Special Report

14 Countries the US Government Doesn't Want You to Visit

Source: sasacvetkovic33 / Getty Images

1. Afghanistan
> Last State Dept. update: 4/9/2019
> Population: 35.5 million
> GDP per capita: $550

The State Department has a standing advisory against travel to Afghanistan, citing elevated risk of crime, terrorism, civil unrest, kidnapping, and armed conflict. Terrorist threats in the country include suicide bombings and hostage taking and have targeted foreign embassies, government buildings, hospitals, tourist attractions, shopping areas, hotels, and airports.

In recent years, the Taliban, a hardline Islamic faction, have made a comeback in the country, and the security situation is worse now than it has been since the U.S. invaded the country in 2001. The U.N. estimates that over 10,000 Afgahni civilians were killed or wounded in the ongoing conflict in 2017 alone.

Source: Afrika Force from South Africa / Wikimedia Commons

2. Central African Republic
> Last State Dept. update: 4/9/2019
> Population: 4.7 million
> GDP per capita: $418

The Central African Republic has been unstable since it gained independence from France in 1960. The State Department advises Americans not to travel to CAR because of crime and civil instability. The U.S. government has raised concerns over the frequency of armed robbery, aggravated battery, and homicide incidents. The State Dept. reports that large swaths of the country are controlled by armed groups who kidnap, injure, and kill civilians. Airports, land borders, and roads in the country may close with little to no advance notice.

U.S. government personnel must get permission to travel outside the embassy grounds and may be limited in how much help they can provide U.S. citizens.

Source: La_Corivo / Getty Images

3. Haiti
> Last State Dept. update: 4/9/2019
> Population: 11.0 million
> GDP per capita: $766

Crime and civil unrest are the reasons the U.S. government is advising Americans to avoid travel to Haiti. Earlier this year, anti-government protests broke out around the city of Port-au-Prince and other parts of the country, resulting in the U.S. State Dept. withdrawing all non-emergency personnel from the country. Demonstrations, which often include tire burning and road blocks, have occurred frequently and without warning since.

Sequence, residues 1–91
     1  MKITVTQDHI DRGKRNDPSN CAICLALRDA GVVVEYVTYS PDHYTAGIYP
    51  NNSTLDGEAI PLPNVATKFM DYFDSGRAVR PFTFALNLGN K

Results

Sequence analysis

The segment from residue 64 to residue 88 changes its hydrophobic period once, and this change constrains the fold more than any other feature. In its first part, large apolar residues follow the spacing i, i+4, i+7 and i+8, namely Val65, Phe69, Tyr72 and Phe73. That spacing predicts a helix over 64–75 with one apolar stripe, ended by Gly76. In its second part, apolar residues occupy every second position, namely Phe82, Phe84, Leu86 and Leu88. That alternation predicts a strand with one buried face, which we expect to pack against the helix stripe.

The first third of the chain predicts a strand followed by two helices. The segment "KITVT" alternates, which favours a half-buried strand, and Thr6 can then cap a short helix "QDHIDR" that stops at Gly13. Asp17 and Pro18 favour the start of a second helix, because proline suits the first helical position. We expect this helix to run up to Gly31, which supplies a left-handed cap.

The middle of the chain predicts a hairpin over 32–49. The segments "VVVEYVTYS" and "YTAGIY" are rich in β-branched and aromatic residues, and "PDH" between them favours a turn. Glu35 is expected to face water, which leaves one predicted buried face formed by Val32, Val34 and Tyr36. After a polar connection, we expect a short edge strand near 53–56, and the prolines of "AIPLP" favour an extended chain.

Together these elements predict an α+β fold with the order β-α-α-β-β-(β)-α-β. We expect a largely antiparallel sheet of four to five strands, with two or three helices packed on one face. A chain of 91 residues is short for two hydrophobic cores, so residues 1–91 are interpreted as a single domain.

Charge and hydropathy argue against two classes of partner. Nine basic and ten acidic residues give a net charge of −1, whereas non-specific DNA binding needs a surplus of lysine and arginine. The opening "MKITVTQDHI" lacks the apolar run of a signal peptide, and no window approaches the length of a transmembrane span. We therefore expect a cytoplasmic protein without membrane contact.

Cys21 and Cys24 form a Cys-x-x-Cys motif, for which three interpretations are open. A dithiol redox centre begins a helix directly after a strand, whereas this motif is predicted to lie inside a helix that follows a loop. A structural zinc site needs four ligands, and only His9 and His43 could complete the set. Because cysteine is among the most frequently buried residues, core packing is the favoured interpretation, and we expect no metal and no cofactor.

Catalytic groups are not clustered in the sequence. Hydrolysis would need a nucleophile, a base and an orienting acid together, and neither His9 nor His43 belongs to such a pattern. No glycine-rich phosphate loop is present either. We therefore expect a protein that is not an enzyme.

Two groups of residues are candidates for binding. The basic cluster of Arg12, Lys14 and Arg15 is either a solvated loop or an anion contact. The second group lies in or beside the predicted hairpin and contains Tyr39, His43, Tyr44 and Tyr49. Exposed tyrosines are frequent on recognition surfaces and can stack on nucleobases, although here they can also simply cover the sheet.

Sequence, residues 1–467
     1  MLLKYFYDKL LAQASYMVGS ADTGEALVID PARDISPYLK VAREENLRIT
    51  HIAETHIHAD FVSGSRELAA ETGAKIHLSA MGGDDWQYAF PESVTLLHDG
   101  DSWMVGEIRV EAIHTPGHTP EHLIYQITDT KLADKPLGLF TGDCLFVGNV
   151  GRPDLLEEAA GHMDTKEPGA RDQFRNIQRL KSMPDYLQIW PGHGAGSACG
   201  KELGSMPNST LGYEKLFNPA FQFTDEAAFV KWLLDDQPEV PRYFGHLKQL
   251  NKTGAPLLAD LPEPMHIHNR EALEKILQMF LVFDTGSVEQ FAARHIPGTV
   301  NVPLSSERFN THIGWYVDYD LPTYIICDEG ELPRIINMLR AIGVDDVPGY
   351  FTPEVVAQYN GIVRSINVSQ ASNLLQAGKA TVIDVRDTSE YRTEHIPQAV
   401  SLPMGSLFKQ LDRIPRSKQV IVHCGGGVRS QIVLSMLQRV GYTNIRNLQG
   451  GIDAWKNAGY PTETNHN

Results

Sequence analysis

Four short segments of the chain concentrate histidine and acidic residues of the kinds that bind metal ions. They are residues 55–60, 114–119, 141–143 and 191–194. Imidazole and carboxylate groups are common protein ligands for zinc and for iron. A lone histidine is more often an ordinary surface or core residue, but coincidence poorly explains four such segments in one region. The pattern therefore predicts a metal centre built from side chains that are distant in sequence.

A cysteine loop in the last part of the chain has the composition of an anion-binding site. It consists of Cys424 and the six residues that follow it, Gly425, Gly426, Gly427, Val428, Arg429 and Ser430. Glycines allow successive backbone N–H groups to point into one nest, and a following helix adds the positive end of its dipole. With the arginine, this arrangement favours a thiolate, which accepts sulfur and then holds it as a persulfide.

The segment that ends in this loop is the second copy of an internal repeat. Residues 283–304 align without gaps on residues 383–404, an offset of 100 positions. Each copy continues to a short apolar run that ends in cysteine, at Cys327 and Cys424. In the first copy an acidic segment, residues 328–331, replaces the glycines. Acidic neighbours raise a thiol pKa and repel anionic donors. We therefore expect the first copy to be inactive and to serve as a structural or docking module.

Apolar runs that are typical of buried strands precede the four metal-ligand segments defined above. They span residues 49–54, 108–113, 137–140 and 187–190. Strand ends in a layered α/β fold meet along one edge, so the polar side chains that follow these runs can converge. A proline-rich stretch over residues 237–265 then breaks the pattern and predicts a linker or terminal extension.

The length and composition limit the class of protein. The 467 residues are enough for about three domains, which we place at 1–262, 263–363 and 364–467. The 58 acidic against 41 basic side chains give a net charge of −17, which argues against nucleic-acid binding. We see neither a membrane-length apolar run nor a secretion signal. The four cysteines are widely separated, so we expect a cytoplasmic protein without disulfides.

Travelers are often specifically targeted for robbery shortly after leaving the Port-au-Prince international airport, and the U.S. embassy requires its employees to use official transportation to and from the airport. Personnel are discouraged from going to establishments after dark that do not have secure parking, or from going to banks and using ATMs, driving outside of Port-au-Prince at night, or using public transportation or taxis.

Source: silverjohn / Getty Images

4. Iran
> Last State Dept. update: 4/9/2019
> Population: 81.2 million
> GDP per capita: $5,594

Americans, particularly those with Iranian dual citizenship, are at very high risk of kidnapping, arrest, and detention in Iran. Iranian authorities have detained students, academics, journalists, and business travelers on a range of unjust charges, including espionage.

Tensions between the United States and Iran have continued to rise since the United States reinstated sanctions in 2018. These sanctions have been felt throughout Iran’s economy. The U.S. government has not had diplomatic relations with Iran since 1979 and is unable to provide emergency services to American citizens travelling there. Switzerland serves as an intermediary for U.S. citizens in Iran and provides emergency services.

Source: Claudiad / Getty Images

5. Iraq
> Last State Dept. update: 4/9/2019
> Population: 38.3 million
> GDP per capita: $5,018

The State Department warns Americans not to travel to Iraq over concerns of terrorism and armed conflict. Terrorist groups and militias continue to operate in the country, over 16 years after the United States invaded Iraq. Terrorist groups and sectarian militias often target American citizens as well as Western companies. Many of the attacks are carried out using improvised explosive devices, or IEDs.

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